Call for Papers
20 April 2017
Talk on Trust and Europe’s Crisis of Representation
7-8 December 2017, Woolf Institute, Cambridge (UK)
Convenors: Jan-Jonathan Bock (Woolf Institute), Caroline Humphrey (King’s College, Cambridge), and Jonathan White (London School of Economics and Political Science)
*Richard Sennett (London School of Economics and Political Science)
*David Runciman (University of Cambridge)
*Paul Weller (Coventry University)
We invite 250-word abstracts for an interdisciplinary workshop on the prevalence of talk on trust in Europe. The event will be held at the Woolf Institute in Cambridge, 7-8 December 2017. Please send your abstracts and a brief CV to Jan-Jonathan Bock (email@example.com) by 6pm on Friday, 2 June 2017. Selected participants will be asked to submit 6,000-word papers for pre-circulation in November.
Across Europe, the economic and political realities established after 1945 have come under strain. Capitalism has not recovered from the financial crisis and subsequent austerity regimes. Resistance to free-trade agreements unites pan-European movements, denouncing the failure of ‘the market’ to benefit citizen-consumers. Digital and sharing economies announce postcapitalist forms, remodelling the superficial social relations of precarious and competitive labour. In attempts to explain these crises, the decline of trust in capitalism’s ability to satisfy desires for protection, safety, and sociality is routinely invoked. Plural democracies face similar dissatisfaction. Brexit, anti-migration hostility, and new nationalisms interrupt the trajectory towards a more settled, multicultural, and multi-faith Europe. A sense of disenfranchisement is exacerbated by the failure of institutions to devise persuasive models of community life that address growing diversity and desires for solidarity. Cultural heterogeneity and religious difference are accused of undermining shared values. Diversity is assumed to erode social and political alliances. Pundits and citizens explain the rise of anti-establishment antagonism, anxiety, and dissatisfaction with pluralism by referring to ‘a lack of trust’.
In crisis talk, the decline of trust is offered as the key reason for deteriorating relations between citizens and community life, political institutions, and economic frameworks. We want to ask: why is there so much talk about trust, and what does this reveal about our time? What work is performed by discourses on trust, distrust, and the absence of trust in debates about disenchantment and crisis? When talk of trust is central in explanations of changing attitudes, what is perhaps neglected or concealed? What do debates about lacking trust reveal regarding expectations of statehood, representation, socio-religious relations, community life, the economy, and political agency? Are there new actors, groups, or ideologies to which citizens attach trust? Finally, does the discourse regarding a lack of trust towards economic, religious, and political actors affect how people talk about trust in personal relationships and private life? Through the use of trust as a central concept in crisis talk, citizens reflect on its meanings and consequences. We want to explore these reflections on trust and its significance for community life, and examine what they reveal regarding the political, religious, and economic conditions of a crisis-ridden continent.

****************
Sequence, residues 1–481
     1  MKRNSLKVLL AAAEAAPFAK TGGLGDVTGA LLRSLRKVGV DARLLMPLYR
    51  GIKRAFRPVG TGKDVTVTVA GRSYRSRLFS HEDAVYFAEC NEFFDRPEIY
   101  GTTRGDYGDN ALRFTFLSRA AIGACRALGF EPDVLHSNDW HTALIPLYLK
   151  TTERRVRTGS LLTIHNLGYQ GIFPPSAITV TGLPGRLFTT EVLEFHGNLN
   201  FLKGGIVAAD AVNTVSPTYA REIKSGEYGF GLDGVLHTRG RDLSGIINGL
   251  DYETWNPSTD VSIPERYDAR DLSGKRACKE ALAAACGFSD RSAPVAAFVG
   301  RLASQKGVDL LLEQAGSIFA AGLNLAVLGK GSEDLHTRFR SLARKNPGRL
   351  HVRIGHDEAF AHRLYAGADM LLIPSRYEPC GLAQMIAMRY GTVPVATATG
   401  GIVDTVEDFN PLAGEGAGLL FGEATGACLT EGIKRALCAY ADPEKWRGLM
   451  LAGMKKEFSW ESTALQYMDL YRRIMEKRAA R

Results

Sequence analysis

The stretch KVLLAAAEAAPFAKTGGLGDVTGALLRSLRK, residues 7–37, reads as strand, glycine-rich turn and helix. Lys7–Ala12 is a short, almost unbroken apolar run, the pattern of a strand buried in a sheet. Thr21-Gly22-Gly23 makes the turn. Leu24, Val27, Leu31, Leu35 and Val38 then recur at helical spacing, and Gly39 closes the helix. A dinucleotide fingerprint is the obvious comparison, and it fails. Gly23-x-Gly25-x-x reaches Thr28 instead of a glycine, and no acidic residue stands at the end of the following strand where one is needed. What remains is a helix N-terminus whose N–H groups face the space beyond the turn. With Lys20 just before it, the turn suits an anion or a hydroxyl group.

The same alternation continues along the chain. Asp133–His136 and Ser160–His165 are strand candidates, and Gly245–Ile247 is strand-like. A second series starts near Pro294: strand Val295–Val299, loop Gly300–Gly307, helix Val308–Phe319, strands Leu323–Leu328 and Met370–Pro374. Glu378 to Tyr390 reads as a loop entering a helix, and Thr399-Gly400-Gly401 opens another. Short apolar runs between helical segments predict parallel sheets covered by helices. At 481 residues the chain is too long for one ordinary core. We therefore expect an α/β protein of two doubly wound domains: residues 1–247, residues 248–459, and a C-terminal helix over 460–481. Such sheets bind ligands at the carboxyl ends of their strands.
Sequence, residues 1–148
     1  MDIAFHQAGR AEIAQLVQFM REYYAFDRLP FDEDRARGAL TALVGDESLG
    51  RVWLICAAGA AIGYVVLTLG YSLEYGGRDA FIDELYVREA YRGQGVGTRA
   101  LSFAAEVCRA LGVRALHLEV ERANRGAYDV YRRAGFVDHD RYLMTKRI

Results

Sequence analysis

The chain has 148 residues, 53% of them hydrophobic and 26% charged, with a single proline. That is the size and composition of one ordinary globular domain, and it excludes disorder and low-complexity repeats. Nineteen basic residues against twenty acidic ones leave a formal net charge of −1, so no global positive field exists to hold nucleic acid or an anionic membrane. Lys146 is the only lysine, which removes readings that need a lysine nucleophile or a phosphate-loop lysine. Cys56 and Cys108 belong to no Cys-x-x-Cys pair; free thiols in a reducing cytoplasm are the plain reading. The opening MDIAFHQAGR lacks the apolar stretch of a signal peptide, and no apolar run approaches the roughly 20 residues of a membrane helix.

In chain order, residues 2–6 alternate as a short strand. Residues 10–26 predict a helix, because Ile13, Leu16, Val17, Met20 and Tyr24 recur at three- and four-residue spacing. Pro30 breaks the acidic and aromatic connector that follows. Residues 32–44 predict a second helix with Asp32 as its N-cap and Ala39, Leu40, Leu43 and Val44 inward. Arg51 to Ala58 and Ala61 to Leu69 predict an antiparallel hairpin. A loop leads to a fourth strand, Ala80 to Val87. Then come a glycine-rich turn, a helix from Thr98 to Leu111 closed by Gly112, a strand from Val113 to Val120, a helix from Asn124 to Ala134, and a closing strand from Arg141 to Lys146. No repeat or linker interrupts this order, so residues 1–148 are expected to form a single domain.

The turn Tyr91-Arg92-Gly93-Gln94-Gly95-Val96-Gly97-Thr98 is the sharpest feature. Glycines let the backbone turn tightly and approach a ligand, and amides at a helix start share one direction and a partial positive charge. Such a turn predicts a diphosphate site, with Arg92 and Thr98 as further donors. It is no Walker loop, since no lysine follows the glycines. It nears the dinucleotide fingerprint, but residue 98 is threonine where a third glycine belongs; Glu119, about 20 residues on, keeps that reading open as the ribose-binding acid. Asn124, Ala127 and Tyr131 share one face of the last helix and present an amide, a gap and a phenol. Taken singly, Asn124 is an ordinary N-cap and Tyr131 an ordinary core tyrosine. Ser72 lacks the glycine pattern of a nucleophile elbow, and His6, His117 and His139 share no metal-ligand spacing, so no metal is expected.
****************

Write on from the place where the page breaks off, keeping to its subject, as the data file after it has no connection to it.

We invite submissions that engage with one or more of the following questions:
*To what extent are discourses on declining trust connected with late capitalist cultures, their employment types, and precarity? Alternative economic practices challenge established models: what role is trust said to play in new economic activities that produce different ways of living, exchanging, and connecting? How does talk about economic crises affect trust discourses?
*What is the role of cultural and religious diversity in talk about declining trust? How does cultural or religious difference feature in accounts regarding the ability to trust others? How are heterogeneity and talk about declining trust connected? What is the role of the changing religious landscape – the decline of Christian affiliations, minority groups, and non-religious people – in talk about trust?
*What does the talk of trust reveal about attitudes towards public institutions? Under which political conditions do people claim to place trust in practices of representation? How do discourses on trust or distrust shape accounts of the crisis of democratic representation? How is citizenship assumed to intersect with trust? Should mature citizens confront the state and state actors with trust or suspicion? Is the ability to trust others always assumed to be positive? How do political actors strive to remake trust?
*What is the importance of the talk on trust in discourses about populism, disenchantment, fear, and anti-establishment forces? How do emergent nationalisms frame the ability to trust some individuals, institutions, or groups, but not others? What role does the rhetoric of trust play in emergent nationalist movements?